Do you ever wake up feeling ambitious and ready to start your day only to look up at the clock and realize you’ve been staring at your phone for hours and the day is almost over? I have many times. Starting is always the hardest part and for many of us once we start we keep going. Facing that blank page, the blank canvas, that pile of dishes in your sink, it just seems like such a huge task to tackle that you just don’t even know where to begin.
It’s been well documented that humans are not very good at multitasking, we can accomplish tasks at the same time sure, but we aren’t able to preform them nearly as well as when we are focused solely on one individual task at a time. With this in mind you need to first choose the task you most want to start first. Only one.
Now that you’ve chosen your task, let me introduce you to the pomodoro method. Created in the 1980’s by Francesco Cirillo, this method employs breaking up tasks into 25 minute chunks with the use of a timer. After your timer goes off you take a 5-10 minute break. Everyone is different so feel free to experiment with different increments to see what works best for you. All you need is a timer, which we all have on our phones. using a timer makes this technique more effective because you do not need to stop and check on how long it’s been, you can simply set the timer and fully devote yourself to the task at hand for the full 25 minutes.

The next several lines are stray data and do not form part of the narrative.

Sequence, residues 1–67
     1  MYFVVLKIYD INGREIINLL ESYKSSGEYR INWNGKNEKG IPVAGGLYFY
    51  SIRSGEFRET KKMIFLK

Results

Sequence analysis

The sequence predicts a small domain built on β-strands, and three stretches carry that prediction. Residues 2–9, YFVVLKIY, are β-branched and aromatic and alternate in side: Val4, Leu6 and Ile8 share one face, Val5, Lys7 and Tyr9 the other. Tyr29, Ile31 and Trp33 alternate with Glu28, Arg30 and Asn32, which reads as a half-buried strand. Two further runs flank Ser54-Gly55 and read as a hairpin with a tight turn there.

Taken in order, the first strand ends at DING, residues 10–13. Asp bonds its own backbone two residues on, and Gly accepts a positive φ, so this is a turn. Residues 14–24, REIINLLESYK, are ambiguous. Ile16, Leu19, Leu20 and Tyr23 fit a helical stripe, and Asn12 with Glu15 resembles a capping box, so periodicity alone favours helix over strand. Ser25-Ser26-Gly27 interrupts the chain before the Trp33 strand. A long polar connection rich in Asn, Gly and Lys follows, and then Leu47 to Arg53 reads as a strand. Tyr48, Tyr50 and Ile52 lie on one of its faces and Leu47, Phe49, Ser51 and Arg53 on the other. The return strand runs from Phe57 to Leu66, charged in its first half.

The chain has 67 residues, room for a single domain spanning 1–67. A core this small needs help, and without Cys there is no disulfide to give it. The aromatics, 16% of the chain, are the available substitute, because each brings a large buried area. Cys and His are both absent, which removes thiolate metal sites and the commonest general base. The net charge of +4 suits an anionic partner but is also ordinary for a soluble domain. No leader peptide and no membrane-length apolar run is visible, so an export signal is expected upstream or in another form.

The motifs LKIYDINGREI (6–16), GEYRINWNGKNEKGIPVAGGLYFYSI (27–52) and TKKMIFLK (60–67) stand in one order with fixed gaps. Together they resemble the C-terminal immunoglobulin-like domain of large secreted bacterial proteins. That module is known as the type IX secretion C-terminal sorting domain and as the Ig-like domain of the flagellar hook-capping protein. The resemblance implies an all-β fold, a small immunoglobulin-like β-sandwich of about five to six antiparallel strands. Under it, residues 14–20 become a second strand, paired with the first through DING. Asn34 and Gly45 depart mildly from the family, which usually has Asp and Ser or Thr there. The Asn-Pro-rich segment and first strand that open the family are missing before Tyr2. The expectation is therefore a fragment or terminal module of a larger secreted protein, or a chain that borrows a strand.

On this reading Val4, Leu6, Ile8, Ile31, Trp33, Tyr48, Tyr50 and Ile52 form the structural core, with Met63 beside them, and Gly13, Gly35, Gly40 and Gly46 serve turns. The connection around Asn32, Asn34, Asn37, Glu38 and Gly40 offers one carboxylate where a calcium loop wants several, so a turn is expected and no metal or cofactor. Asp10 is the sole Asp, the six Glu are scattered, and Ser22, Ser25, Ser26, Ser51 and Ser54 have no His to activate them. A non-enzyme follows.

After four 25 minute chunks, give yourself a slightly longer break like 20-30 minutes. Now is a great time to grab a snack or make yourself some lunch. Once your 20-30 minutes is up, it’s back to work. What makes the pomodoro method so effective is that it breaks up all your tasks into bite sized pieces which makes larger projects seem less daunting. It also helps you see where all of your time is going and redirect it to the appropriate tasks without feeling like you’re working against yourself. If you’ve ever tried to race the microwave to put something away before the timer goes off, then you’ve already used this technique before.
Whats great about the pomodoro technique is that it can be applied to almost any task. It is a useful tool for studying, especially when you find it’s difficult to get yourself to get started. You can also use this technique for projects like cleaning or reading or even starting a business. A large reason why people end up not completing the tasks they know they need to do is because they either never get started, or do not put in the amount of time necessary to finish it. The pomodoro method is sure to show you what you can truly accomplish with your day when you are able to stay on task.
What has your experience with the pomodoro effect been? have you used it before? Share your opinions in the comments so others can see your helpful tips and tricks!